Thursday, January 26, 2017

Some Tapes Reviewed

It's pretty clear that the cassette tape, if it ever really left, is back as a choice of medium for certain types of musical producers. Think about it, the term "mix tape" always remained within  the American lexicon, even during the supposed Wilderness Years of the dreaded compact disc's delivery dominance. Recently, Mrs. Amnesiac was kind enough to hook her hubby up with a fine, functional cassette tape deck. Naturally, Disaster Amnesiac scurried to the garage in search of some tapes for listening and appreciating. Following are thoughts on a few of them....

Steve Kado-2003 (For Solo Drum Machine); Recondite Industries, 2012
Lately Disaster Amnesiac has been enjoying sounds that are effected or influenced by the Techno side of the musical spectrum, so when this tape tumbled out of the box, it made its way quickly into the deck. Starting with a simple, incessant pulse, 2003 builds up into some really great, cascading Minimalist zones, colored by electronic washes. It strikes me that one of the more compelling aspects of this type of music is its hypnotic effect. The listener must cede to patience as this type of approach unfolds for the mind. Kado paces the release really well, seeming to know exactly when the right time has been reached for these slight added sounds that twist the piece's movement into new atmospheres. Judging by the tape's cover, this is all done with the barest of setups, and 2003 really impresses for that. Plus, one can spend well over an hour dancing to its cool, driving energies.

Linekraft-Kikai Ningen; Nil By Mouth, 2013
As can be seen from the above pic, one really neat thing about this tape is the oversized file clip that holds it together, giving it a kind of dossier feel. Kikai Ningen's cover graphics are a pretty good portent to the sounds contained within this tape: abrasive, sometimes downright scary Power Violence. The tones, not so much coaxed as seized from metal "junks" and electronic devices are harsh and incredibly noisy. Linekraft is not dealing with subtleties on this one. Side A features four tracks pounded out in studio at various time over the course of a year. It must have been pretty jarring for the engineers involved. At times, it's almost too spooky for Disaster Amnesiac to continue listening. This is some seriously bent expression! Side B, recorded live at two different venues in Tokyo, has a bit more, not mellow (no fucking way for Linekraft, I'd imagine), but just somehow more easily digested thing going on. Chalk it up to its sounds emanating more from laptops and room ambience and less from the close-mic'd cacophony of its flip, maybe? Groove on Side A for a maximally violent skullfuck, and Side B for a bit more a Surrealist/Dada mood.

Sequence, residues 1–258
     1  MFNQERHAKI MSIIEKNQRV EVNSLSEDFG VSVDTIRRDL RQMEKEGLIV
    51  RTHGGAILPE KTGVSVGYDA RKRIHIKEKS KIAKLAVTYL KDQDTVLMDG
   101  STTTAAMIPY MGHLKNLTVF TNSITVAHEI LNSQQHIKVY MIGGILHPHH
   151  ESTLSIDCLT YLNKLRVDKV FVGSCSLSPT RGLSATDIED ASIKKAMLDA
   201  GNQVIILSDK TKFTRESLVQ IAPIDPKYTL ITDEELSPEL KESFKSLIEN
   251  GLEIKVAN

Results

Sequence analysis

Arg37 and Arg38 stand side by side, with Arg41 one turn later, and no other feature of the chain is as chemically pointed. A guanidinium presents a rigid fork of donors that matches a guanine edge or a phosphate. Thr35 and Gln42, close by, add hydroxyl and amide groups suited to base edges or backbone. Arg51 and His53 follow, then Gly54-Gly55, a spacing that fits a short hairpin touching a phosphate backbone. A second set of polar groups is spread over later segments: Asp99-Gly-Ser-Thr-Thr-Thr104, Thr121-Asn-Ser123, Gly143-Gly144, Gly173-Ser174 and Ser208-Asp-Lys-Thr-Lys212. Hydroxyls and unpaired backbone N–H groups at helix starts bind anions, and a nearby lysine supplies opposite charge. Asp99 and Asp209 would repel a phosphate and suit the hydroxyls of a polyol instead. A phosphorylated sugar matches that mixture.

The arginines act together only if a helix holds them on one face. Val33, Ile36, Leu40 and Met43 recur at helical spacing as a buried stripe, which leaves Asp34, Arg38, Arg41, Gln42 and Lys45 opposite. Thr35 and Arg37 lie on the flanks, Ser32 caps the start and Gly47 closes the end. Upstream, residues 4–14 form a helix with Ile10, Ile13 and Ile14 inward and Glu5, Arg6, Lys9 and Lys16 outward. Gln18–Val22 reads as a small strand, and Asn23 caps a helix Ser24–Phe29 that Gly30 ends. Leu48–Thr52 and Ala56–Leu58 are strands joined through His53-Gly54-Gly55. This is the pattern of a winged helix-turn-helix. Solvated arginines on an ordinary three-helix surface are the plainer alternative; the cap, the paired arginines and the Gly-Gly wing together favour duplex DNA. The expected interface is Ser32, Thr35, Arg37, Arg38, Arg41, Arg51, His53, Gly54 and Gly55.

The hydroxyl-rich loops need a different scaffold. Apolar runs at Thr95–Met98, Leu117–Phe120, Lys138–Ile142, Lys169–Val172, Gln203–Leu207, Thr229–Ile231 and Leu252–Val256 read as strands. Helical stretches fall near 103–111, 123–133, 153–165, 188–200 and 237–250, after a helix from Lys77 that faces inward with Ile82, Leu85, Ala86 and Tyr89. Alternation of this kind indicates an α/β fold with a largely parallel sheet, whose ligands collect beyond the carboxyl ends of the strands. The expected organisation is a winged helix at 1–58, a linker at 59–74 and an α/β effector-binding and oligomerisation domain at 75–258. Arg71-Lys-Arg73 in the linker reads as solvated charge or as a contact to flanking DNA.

Tom Djill-Cassette19; eh? Records #90, 2016
Extrapolating somewhat from Tom's eloquent liner notes, Cassette19 is a kind of exorcism for long-time musician and journalist Djill, along with being a rapprochement between "sound vs. structure" in abstract music. A tall order, but Tom's up to it. His trumpet playing on these tracks shows Miles-like finesse at times, at others sounding as if he's been 'shedding with Cosey Fanni Tutti. Disaster Amnesiac has had the pleasure of hearing him play his horn live, and it's not really hyperbole to say that he's mastered it. Really sweet to hear Mr. Djill on trumpet. Along with those brass tones, he gets all manner of warped, glitched, warble-ey, and often downright sick electronic tones from his seemingly considerable arsenal of synths, pedals, and other gadgets. At times thickly pressed, at others highly spaced out, but always raw and real, the songs on Cassette19 display tons about what is great with the underground music scene right now. Disaster Amnesiac hopes that Tom's sleeping better these days.

Eyes Like Helicopter-The Shift Of It All; Biological Radio #19, 2014
Last up for this edition of describing and enthusing we have this beautiful blue piece of plastic from Vermont's Eyes Like Helicopter. The flow of The Shift Of It All is a lot like its cover art,  in that it's sort of divided into two distinct landscapes. Side A has lots of really fine, ringing steel string solo guitar (for the most part) playing and a kind of Appalachian vibe throughout. Disaster Amnesiac keeps thinking "American Primitive", but then saying to myself, " screw that, this is American SOPHISTICATION, dammit..." The way that Darren Myers paces these songs makes them richly ambient and quite fascinating. Small drones and jaw harps seem to be used to embellish at times, along with a dog at one point. When Myers himself steps to the mic he utilizes a great, sloppy Punk Rock delivery, which fits in well with whole alone-er aesthetic of the tape. Side B veers more into a bit more of an experimental electronic zone at times, and while having a distinctly different vibe, it feels connected via the overriding rural pacing of its counter. Things get a bit more messy and psyched out, almost robotic at times, but the connection is still clear. Deeply gooey sounds from perennially (hopefully) Weird America.

As Disaster Amnesiac has ruminated and worked upon this post, I've realized that the cassette tape has never truly gone away. It has mostly become an affordable medium for small scale musicians and sound artists to document and distribute their work.
I'll bet some willing entrepreneur could make more than a few bucks with a quality cassette tape player production company. Somehow it seems unlikely that a vinyl-style revival is possible for the humble cassette tape, but, clearly, it has a niche market that remains stable. Just remember to push down those tabs on the top side if you want to keep your sounds intact, kids.

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